nologies.” Yet candidates don’t seem to believe that reform has much appeal to the average voter. This is especially perplexing because whoever wins office, of course, will have to rely on the institutions of government to pursue his goals. Yet much of government is widely perceived as dysfunctional these days — and often is. Our tax system is out of whack, our fiscal problems are stalemated, the civil service struggles to reward excellence or punish incompetence, Congress seems fundamentally incapable of resolving the issues that confront it, the bureaucracy too often seems ineffective, inefficient, or downright inept. Moreover, the amount of waste and duplication that has been allowed to flourish within the federal government is nothing short of awe-inspiring. A Government Accountability Office inquiry last year found 15 different agencies dealing with food safety; five agencies and 100 separate programs just within the Department of Transportation involved with surface transportation; seven federal agencies overseeing 20 programs to deal with homelessness; over 2,000 federal data centers; and enough

other examples to fill a 340-page report. It’s hardly a surprise, then, that Americans would resonate to talk of reinventing government. There is so much disdain for the federal apparatus and lack of confidence in its procedures and results that the whole system is crying out for change, experimentation and reform. Yet there are also powerful reasons why it doesn’t happen. The institutions of government, at heart, are structures of power. This means that even the smallest programs and agencies have their champions in elected officials, bureaucrats and a constellation of public and private interests that have grown up around them. Reform means a shift in power and resources, and will inevitably result in a fight. That is why, over the course of our history, it’s tended to happen only after a crisis. So there is a legitimate question as to whether Congress and the executive branch are capable of rising to the challenge of reform. Politicians are reluctant to push it unless they can control it — which means controlling both houses of Congress as well as the White House. And that kind of control comes along only rarely.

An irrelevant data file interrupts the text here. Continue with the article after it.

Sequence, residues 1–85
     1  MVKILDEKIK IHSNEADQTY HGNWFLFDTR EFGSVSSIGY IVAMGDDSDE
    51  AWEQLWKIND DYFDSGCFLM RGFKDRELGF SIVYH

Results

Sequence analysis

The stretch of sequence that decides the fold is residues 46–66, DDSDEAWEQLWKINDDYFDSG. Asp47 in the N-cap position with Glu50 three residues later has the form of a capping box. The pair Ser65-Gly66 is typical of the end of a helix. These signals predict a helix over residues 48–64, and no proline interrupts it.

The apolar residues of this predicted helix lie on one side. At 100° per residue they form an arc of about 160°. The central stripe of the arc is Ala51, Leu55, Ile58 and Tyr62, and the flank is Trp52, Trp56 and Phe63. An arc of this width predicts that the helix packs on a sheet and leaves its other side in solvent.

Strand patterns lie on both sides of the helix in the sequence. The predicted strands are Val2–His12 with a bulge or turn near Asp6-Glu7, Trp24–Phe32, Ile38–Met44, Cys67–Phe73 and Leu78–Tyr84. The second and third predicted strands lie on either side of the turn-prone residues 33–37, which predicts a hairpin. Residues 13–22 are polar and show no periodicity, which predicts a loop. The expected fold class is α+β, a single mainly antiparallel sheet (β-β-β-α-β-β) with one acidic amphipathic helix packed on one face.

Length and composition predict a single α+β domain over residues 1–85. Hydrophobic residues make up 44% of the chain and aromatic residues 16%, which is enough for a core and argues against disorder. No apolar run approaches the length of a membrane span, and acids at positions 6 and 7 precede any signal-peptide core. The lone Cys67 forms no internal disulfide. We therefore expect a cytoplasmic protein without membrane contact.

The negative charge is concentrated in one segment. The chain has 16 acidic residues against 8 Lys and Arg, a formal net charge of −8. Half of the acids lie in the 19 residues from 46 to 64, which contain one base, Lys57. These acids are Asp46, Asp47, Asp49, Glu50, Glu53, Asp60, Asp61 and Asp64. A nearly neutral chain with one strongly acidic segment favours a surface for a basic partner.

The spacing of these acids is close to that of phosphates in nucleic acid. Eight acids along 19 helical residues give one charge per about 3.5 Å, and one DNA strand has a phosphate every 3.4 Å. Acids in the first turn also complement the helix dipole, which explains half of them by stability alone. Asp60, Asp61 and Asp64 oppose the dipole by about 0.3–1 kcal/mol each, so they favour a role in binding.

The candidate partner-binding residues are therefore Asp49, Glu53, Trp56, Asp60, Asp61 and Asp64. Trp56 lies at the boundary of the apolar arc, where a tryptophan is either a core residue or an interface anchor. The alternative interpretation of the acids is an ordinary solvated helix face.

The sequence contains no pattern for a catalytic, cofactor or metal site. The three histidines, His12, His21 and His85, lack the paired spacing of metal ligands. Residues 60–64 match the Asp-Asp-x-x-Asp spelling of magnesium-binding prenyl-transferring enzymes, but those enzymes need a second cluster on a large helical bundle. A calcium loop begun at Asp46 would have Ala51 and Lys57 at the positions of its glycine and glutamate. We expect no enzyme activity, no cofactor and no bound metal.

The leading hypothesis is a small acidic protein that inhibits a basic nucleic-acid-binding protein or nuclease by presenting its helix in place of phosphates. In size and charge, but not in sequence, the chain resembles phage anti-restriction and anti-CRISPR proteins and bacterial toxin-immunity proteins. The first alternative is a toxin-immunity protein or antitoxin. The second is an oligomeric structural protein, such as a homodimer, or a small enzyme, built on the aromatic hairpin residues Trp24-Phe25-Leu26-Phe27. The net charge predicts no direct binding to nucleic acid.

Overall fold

Within Congress itself, despite the widespread perception that it is the “broken branch” in the federal system, there seems very little fresh thinking among its members about how to make government work better — much less willingness to engage wholeheartedly with reform. Still, these are explanations for inaction, not excuses. During my three decades in Congress, I served on pretty much every reform commission that came up. I saw a lot of earnest effort, only some of which actually resulted in changes that stuck. But I inevitably came away from those experiences convinced that this country could do a much better job of governance, and that Americans actively aspire to a more perfect union. They believe in the limitless capabilities of our country, and they want a government that can act effectively to realize them. It puzzles me that our political candidates don’t seem to understand that reform is the missing issue in this campaign. Lee Hamilton is Director of the Center on Congress at Indiana University. He was a member of the U.S. House of Representatives for 34 years.